- Feed settings: don’t matter in our case.
- ‘Geometry’ tab:
- Select the contours to be cut. It seems that these must be selected individually, which is a pain in the neck for a complex project. When selecting contours, note that a red arrow is displayed illustrating the cut direction. More on this later.
- You can also set up ‘tabs’ here, if desired.
- ‘Heights’ tab:
- These values don’t matter, since we’re going to remove the movement paths at post-process time.
- ‘Passes’ tab:
- Set ‘Sideways compensation’ to ‘Left’ and set compensation type to ‘in computer’.
- Turn off both ‘Lead-In’ and ‘Lead-Out’
The tool path should be generated immediately. Examine it carefully, and ensure that the paths are all outside the part. For holes, the paths should be inside.
This is what those red arrows are all about. Note that the middle elliptical hole in my example has the tool path incorrectly positioned. To fix it, edit the contour; choose the geometry tab, and click the arrow on the offending contour.
When the tool path looks correct, right-click on setup and choose ‘post process.’
- Set ‘source’ to ‘personal posts’ (or ‘My Cloud Posts’ if you went that route).
- Set ‘post processor’ to ‘dxf.cps – Autodesk DXF’
- Setting ‘units’ to ‘millimeters’ seems to work properly on our laser. You can use millimeters here even if you designed the project in inches.
- check ‘only cutting’ This will remove the ‘raise and move’ tool paths.
- Click ‘OK’ and save your DXF file (probably to your network folder, so you can easily access it from the laser cutter’s computer).
Then, import the DXF into the laser as usual. Everything else is still done as taught in our Laser 101 class.
Note on Kerf
The kerf produced by a laser cutter is not perfectly vertical, it’s V-shaped (wider at the top). The kerf will vary in width depending on your material, power and feed settings.
To determine the correct kerf, I recommend cutting a test shape; perhaps a square 20mm on a side. Set the kerf to a reasonable estimate (.2 to .5 mm worked for me, cutting 3 mm baltic birch ply). Then re-generate the tool path and cut using the speed and power settings you will be using for the final piece. If the part measures too small, increase the kerf and retry. If it measures too large, decrease. You should be able to zero-in on the right kerf size for your material’s speed and power settings in just a few tries. Don’t expect perfection, since the kerf can vary even within a single cut due to variations in the material density. I called it good once I got within .1mm.
It should go without saying that you should not scale the cut path inside Lasercut, since that will also scale the kerf adjustment. If you want to make your part bigger or smaller, adjust the model in Fusion 360.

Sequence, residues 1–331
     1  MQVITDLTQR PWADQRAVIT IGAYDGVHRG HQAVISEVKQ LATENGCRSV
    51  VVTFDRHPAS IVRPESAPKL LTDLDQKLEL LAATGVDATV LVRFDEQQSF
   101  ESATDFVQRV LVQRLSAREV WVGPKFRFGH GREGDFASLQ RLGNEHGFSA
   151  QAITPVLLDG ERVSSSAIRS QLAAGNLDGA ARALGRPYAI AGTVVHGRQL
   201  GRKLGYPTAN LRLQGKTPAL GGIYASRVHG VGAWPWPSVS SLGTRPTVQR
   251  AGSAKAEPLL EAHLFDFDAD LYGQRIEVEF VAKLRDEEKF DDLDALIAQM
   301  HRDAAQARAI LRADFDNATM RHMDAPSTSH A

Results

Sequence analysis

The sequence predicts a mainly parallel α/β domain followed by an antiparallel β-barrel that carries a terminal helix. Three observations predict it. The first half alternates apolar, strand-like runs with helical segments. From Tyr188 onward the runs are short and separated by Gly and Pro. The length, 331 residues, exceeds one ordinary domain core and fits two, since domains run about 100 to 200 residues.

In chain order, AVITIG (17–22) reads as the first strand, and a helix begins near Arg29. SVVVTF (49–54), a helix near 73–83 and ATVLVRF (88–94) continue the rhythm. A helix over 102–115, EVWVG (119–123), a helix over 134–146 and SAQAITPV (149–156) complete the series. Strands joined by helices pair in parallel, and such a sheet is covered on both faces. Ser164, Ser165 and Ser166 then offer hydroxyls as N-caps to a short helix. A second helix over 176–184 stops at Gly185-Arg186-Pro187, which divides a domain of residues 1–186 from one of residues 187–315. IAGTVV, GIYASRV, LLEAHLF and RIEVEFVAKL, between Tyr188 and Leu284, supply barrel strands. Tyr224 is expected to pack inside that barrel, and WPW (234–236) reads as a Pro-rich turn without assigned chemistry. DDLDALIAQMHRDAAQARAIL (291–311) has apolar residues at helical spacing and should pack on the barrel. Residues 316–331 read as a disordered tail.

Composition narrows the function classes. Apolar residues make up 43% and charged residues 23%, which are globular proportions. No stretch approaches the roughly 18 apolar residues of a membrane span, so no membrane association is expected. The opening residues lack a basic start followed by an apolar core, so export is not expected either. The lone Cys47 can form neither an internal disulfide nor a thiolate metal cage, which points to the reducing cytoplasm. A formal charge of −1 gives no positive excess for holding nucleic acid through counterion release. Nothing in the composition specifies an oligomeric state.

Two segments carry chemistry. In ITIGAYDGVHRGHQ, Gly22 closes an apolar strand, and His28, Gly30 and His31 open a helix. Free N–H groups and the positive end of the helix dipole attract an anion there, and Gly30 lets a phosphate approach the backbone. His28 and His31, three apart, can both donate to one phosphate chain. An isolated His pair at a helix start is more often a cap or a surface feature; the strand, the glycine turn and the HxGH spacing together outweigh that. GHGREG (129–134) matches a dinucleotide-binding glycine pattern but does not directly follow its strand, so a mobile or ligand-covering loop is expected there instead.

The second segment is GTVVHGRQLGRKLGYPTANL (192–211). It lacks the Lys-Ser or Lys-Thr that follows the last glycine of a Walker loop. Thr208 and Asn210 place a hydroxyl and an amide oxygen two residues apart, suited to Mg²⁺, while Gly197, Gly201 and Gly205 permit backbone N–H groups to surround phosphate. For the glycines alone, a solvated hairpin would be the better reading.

This method should enable you to cut parts to dimensions that precisely match your design. Of course, there’s more to it than that. You have to get the design right to begin with, including appropriate clearances for mating parts. I made the comb-like part illustrated above to experiment with slot sizes; you may want to do something similar with your project.
And I must mention that I don’t think Fusion 360 is the universal design tool for the laser cutter, especially for projects that simply don’t require that level of accuracy.
Designers who identify as artists rather than engineers will probably be much more comfortable with a 2D drawing tool like Illustrator or Inkscape. I recently used Inkscape to model a puzzle project; it would have been a big pain in the neck to do with Fusion 360. Even if you are making parts that must fit together, you can certainly get by with a bit of experimenting, some sanding here and there, and maybe a little extra glue in spots.
I have not yet explored generating separate layers in Fusion 360 for use with engraving or multi-power cutting operations. If you figure that out please write a follow-up post!
Ray came by when I was cutting my first prototype and wondered whether I took care to cut the inside cutouts away before the perimeters. If you don’t do so, the part may fall from the material and shift slightly, causing subsequent cuts on that part to land in the wrong place. I had not done anything special in this regard, but observing the rest of the job, it appears that Fusion did it for me — all interior cuts were performed first. …Or maybe I just got lucky. I’ll ask on the Fusion 360 CAM forum and see if anyone knows.
And, if you’re wondering about that cool rubber band gun at the top of the article, I’m afraid you’ll just have to wait for a follow-up post. I have a prototype together, but already have a dozen minor tweaks in mind to make it perfect!